Twenty-seven-year-old Jesse White is a temporary staff attorney at a domestic-violence nonprofit in the South End. She graduated from the Northeastern School of Law this past May, and — after months of pounding the pavement — snagged the temp job, which ends next month. In fact, she declares, she's been lucky to have a job at all. White reports that someone in Northeastern's career-services department told her that about 50 percent of her classmates were unemployed six months after graduation.
"The job search has been very difficult," she says. After passing the Massachusetts Bar several months ago, White took a job at JP Licks. "I think [the economy] is making people who would be relatively competitive a lot less competitive, competing with people with a lot more experience or from Ivy schools. If you haven't done something absolutely exceptional, it's hard to get an entry-level job." She also says that lawyers with years of experience are settling for entry-level positions, closing out recent graduates.
As a result, White's post-law-school ennui set in shortly after graduation. "I was making minimum wage," she says. "No benefits. You go to law school, you put in a lot of time, energy, money to get trained to be a professional — and then you come out. There's an expectation that I had set myself on a stable, career-oriented course. But I'd been making more money before law school." Before Northeastern, White worked for the AmeriCorps VISTA program and helped to manage a dog day care. "Why did I drop $120,000 on an education when I can't get a job?"
While seeking permanent employment, White has been able to postpone the majority of her federal loans, thanks to an economic-hardship deferral. But deferred loans are one thing — deferred dreams are quite another. "This economy creates an environment where you have to postpone your goals," she says. Many of her classmates are temping or "got in under the wire," she says, just before hiring freezes were put into effect.
Indeed, since January 2008, according to the popular Web site lawshucks.com, 10,540 attorneys and support staffers have lost their jobs. Meanwhile, institutions such as WilmerHale, Winston & Strawn, and Baker & McKenzie are pushing back start dates for first-year associates as a cost-saving measure. Others are shortening their summer associate programs. Similarly, public-sector and nonprofit jobs are instituting hiring freezes until the economy stabilizes.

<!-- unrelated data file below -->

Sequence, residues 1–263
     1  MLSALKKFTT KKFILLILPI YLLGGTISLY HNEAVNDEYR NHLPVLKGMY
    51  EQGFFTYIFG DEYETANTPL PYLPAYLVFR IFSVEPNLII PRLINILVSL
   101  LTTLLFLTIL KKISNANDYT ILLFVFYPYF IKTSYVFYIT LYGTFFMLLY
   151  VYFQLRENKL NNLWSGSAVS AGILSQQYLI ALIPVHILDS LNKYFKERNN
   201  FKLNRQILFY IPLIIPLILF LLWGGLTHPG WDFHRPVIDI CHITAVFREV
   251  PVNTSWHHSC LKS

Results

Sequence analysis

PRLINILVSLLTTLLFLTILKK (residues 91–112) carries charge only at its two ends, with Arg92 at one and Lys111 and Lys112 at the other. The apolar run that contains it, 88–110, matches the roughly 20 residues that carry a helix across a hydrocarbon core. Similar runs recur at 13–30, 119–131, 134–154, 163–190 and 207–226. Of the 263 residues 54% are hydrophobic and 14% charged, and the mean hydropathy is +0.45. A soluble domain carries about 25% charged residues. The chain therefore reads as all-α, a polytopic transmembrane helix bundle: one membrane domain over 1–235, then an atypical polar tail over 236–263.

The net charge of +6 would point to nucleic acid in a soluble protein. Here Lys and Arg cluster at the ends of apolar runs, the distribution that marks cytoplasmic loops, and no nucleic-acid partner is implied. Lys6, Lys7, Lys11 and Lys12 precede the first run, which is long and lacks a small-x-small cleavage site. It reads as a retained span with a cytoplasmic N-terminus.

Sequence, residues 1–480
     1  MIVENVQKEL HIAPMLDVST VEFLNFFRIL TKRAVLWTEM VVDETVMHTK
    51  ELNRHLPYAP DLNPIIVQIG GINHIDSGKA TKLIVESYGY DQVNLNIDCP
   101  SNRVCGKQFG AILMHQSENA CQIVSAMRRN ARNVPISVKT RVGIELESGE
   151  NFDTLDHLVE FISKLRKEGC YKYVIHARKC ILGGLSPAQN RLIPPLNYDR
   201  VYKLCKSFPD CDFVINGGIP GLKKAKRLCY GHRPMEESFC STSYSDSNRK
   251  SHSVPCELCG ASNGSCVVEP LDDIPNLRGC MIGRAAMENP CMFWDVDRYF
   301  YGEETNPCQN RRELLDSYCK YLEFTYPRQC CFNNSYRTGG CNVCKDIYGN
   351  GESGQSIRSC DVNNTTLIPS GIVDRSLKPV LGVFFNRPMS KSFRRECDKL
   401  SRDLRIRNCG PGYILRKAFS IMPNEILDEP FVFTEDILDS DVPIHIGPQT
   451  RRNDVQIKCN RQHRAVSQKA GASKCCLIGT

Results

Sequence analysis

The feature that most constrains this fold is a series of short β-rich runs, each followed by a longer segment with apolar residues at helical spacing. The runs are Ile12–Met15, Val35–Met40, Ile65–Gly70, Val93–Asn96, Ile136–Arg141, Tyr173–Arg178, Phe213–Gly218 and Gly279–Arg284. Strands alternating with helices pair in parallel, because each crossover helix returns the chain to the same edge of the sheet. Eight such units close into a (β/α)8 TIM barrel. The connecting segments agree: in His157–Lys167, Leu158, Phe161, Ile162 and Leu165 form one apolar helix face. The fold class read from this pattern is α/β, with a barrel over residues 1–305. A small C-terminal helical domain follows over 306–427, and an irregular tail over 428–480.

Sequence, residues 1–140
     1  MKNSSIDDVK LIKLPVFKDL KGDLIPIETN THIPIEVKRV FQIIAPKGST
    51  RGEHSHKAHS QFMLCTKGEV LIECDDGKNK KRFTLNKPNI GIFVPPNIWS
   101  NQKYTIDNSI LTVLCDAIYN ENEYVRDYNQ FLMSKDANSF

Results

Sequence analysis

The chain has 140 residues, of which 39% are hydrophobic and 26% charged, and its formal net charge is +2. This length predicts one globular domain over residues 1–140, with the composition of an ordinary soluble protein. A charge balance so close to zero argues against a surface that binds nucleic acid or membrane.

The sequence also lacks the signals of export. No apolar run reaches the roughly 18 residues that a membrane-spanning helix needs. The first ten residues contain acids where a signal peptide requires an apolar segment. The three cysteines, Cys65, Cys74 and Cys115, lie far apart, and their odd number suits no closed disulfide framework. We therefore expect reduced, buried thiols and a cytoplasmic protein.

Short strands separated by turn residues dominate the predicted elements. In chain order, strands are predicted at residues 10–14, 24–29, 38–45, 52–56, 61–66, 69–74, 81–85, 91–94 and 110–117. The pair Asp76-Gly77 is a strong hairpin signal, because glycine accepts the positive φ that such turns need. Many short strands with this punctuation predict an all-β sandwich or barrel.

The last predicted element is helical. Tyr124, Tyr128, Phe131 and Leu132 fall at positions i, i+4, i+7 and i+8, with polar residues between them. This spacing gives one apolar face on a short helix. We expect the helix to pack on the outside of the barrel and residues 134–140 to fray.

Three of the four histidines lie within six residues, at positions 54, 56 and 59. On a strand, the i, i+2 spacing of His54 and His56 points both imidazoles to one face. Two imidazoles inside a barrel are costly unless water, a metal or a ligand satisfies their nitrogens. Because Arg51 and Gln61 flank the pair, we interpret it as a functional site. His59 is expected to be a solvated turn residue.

One Brookline-based third-year law student, speaking on the condition of anonymity because he's currently awaiting word on a job offer, said the mood among his about-to-graduate peers is "nervous and depressed. People are questioning their decision to go to law school in the first place." Law school, already a competitive and high-stress environment, is now even more of a pressure cooker. And let's face it: this is a place where goal-oriented students are used to hard work paying off. Delayed gratification, for many, is a new concept.
Crowded playing field
College career centers want to put the most soothing spin possible on a difficult situation. Boston College recently ran a program on deferred starts. "Students may not get their 'dream job' right at graduation. Yet we will work with our alumni throughout their careers to make appropriate decisions that eventually lead them to the 'dream job,'" a college spokesperson demurred in an e-mail.
In the meantime, compromise is a necessary evil. Brian Aune, 32, started at Harvard Law after managing a Barnes & Noble outlet for nine years. Now a second-year student, he's currently student-government president. This summer, he's slated for an internship in Washington, at Sheppard Mullin, which has laid off approximately 25 attorneys since the beginning of the year. They've also scaled back their 11-week summer associate program by one week to cut costs, he says. "I feel like I have a little bit less leeway and flexibility because of this."
Oh, boo hoo, you might say, go on a cruise for a week. But in many cases, internship recruitment used to look like outtakes from Less Than Zero, with wining and dining par for the course. Scaling back by a week is a subtle reminder that those bacchanalian days are over.
Even Harvard is being forced to adjust. The school now aims to give its students an edge by scheduling on-campus recruiting in late summer, instead of late September, which, explains Aune, had been customary, since many firms hold slots for Harvard graduates anyway. This year, that notion failed them, since students at comparable schools completed on-campus interviews in late summer. Harvard students were then left to negotiate for fewer positions — after the economic tsunami had hit, no less. They're not taking a chance on the same thing happening next year.
"It's a combination of both the trend in that field and also the economy — it impacted us pretty hard last year, so we're trying to be on par with a lot of our peer schools that are doing early interviews," says Aune. Harvard deigning to compete with other schools? Is this a sign of the apocalypse? For the time being, yes. "My sense of it, from talking with people, and from trying to talk with career services, is that people are more concerned than in years past," he allows.